Atlanta History Center to screen Sweet Auburn Curb Market film


Sweet Auburn Market Film Screening and Panel Discussion

7 p.m. Feb. 4. $10 public, $5 members. Atlanta History Center, 130 W. Paces Ferry Road N.W., Atlanta. 404-814-4000,

The screening will be followed by a panel discussion including filmmaker Katie King, Auburn City Market Manager Pamela Joiner, Market Security Chief Gerald Boyd (also a third-generation customer who was interviewed in the film) and Melissa Booth Hall, assistant director of the Southern Foodways Alliance. Vendors from the market will be there selling their wares, so participants can get a taste of the market’s food after watching the film.

A new short documentary film that takes a look at Atlanta's Sweet Auburn Curb Market will have a screening at the Atlanta History Center on Thursday.

Atlanta-based filmmaker Katie King, who made the film in the summer of 2014 as part of her master’s thesis in Southern Studies from the University of Mississippi, says she was interested in gathering oral histories from people whose families have been using the nearly 100-year-old food market for generations.

King says she became interested in the market when a friend took her there just to get some lunch. Though she’d grown up in Marietta, she was unfamiliar with the market and its long history. “It was such a lively and bustling place I hadn’t known about,” she says. “When it came time to start thinking about my oral history work, I was thinking a lot about focusing on it.”

King says she was surprised to learn that, though the Auburn Avenue area itself has often been the focus of consistent research due to its connections with black history and the civil rights movement, there had been little historical work specifically related to the market itself. “There’s so much historical analysis around this neighborhood, but to leave this market out of it seems an oversight. I was looking to fill that hole,” she says.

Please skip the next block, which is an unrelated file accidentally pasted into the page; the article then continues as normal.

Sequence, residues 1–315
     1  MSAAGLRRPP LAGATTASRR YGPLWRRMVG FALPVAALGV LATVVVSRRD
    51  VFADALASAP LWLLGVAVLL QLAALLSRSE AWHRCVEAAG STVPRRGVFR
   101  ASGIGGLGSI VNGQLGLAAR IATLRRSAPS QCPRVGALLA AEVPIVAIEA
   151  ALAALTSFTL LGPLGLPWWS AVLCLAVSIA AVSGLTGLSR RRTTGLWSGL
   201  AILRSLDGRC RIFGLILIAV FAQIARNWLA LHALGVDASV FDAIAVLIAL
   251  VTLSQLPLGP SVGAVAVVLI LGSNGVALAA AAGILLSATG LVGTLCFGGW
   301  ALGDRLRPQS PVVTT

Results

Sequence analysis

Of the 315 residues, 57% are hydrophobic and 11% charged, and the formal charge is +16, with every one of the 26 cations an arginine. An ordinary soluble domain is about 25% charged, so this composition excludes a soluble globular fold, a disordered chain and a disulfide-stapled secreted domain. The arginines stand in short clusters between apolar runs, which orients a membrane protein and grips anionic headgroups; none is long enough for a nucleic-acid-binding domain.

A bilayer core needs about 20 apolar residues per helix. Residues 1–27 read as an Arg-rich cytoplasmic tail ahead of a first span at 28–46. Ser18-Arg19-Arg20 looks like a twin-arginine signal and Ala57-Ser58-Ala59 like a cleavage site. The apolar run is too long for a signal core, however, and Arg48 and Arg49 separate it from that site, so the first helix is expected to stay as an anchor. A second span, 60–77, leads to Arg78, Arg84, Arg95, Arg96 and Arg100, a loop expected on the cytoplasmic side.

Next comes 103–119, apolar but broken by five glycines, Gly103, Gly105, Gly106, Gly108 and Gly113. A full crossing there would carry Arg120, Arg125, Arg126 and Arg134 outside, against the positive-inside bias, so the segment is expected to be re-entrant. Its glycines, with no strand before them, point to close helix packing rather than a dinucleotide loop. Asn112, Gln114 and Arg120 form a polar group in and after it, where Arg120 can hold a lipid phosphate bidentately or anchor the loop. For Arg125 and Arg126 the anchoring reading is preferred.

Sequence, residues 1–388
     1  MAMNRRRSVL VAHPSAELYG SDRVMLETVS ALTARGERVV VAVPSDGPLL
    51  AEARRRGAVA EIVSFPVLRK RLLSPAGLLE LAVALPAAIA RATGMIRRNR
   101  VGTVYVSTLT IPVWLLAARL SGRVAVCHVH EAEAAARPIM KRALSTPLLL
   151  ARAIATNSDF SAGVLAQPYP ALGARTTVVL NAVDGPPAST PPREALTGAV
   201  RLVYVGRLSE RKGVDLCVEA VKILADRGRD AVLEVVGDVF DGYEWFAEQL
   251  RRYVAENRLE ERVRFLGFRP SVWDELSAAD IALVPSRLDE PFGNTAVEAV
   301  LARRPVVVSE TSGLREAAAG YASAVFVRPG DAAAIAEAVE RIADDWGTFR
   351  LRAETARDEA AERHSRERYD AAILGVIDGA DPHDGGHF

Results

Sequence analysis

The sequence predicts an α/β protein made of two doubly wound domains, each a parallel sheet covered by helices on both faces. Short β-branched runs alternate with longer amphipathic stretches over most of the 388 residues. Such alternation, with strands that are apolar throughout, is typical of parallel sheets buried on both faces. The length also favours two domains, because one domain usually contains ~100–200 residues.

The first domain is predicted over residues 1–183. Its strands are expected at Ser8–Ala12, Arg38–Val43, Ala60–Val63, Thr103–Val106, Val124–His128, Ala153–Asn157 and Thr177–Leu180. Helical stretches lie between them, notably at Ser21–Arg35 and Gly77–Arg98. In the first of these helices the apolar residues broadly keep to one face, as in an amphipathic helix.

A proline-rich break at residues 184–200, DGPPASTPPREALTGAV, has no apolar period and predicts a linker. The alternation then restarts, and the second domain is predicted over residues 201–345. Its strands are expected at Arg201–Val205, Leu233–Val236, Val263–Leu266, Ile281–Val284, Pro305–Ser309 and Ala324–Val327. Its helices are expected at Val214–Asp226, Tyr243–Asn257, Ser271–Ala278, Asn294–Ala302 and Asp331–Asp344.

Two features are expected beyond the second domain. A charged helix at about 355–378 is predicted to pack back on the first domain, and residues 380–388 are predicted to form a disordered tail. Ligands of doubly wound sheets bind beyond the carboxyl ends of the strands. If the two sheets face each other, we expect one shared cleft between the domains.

The Sweet Auburn Curb Market, a block off Auburn Avenue on Edgewood Avenue in Atlanta’s historic Old Fourth Ward neighborhood, is the city’s only municipal market. The almost century-old market was created on land cleared by the Great Atlanta Fire of 1917. First operated out of a tent, the current building opened in 1924. Through changes to the city, to the neighborhood and to the market itself over the years, the space has remained a source of fresh food and tradition in Atlanta.

During the summer of 2014, King spent six days a week at the market conducting interviews. “As I got into it, I found this giant community there, generations and generations of people who have virtually raised their families at this market,” she recalls. “That was so unknown outside of the market. When I told people that that was where I was doing work, I was surprised so few people had heard about it at all. That was what drove the film itself, to give voice to this little community.”

King made her film with the support of a fellowship from the Southern Foodways Alliance, an institute at the University of Mississippi dedicated to the study of the food of the American South. The completed documentary is about 11 minutes long, consisting mostly of interviews with customers, vendors and staff. King says she particularly sought out subjects whose families had been connected to the market for several generations.

King did all the interviewing, filming, and editing for the film herself. She says one of the most surprising things she learned in the process was the deep connection and sense of community so many customers have maintained. Many people who had been displaced by urban renewal in the 1960s or had moved to the suburbs or to other towns in Georgia still come back to the market many times a year to buy food.

“It was deeply embedded in their family histories and in their sense of tradition, especially at Christmas, New Year’s and Thanksgiving,” she says. “Those are the times the market really takes off. People will come from all over the state of Georgia to get collard greens because that’s what they did growing up.”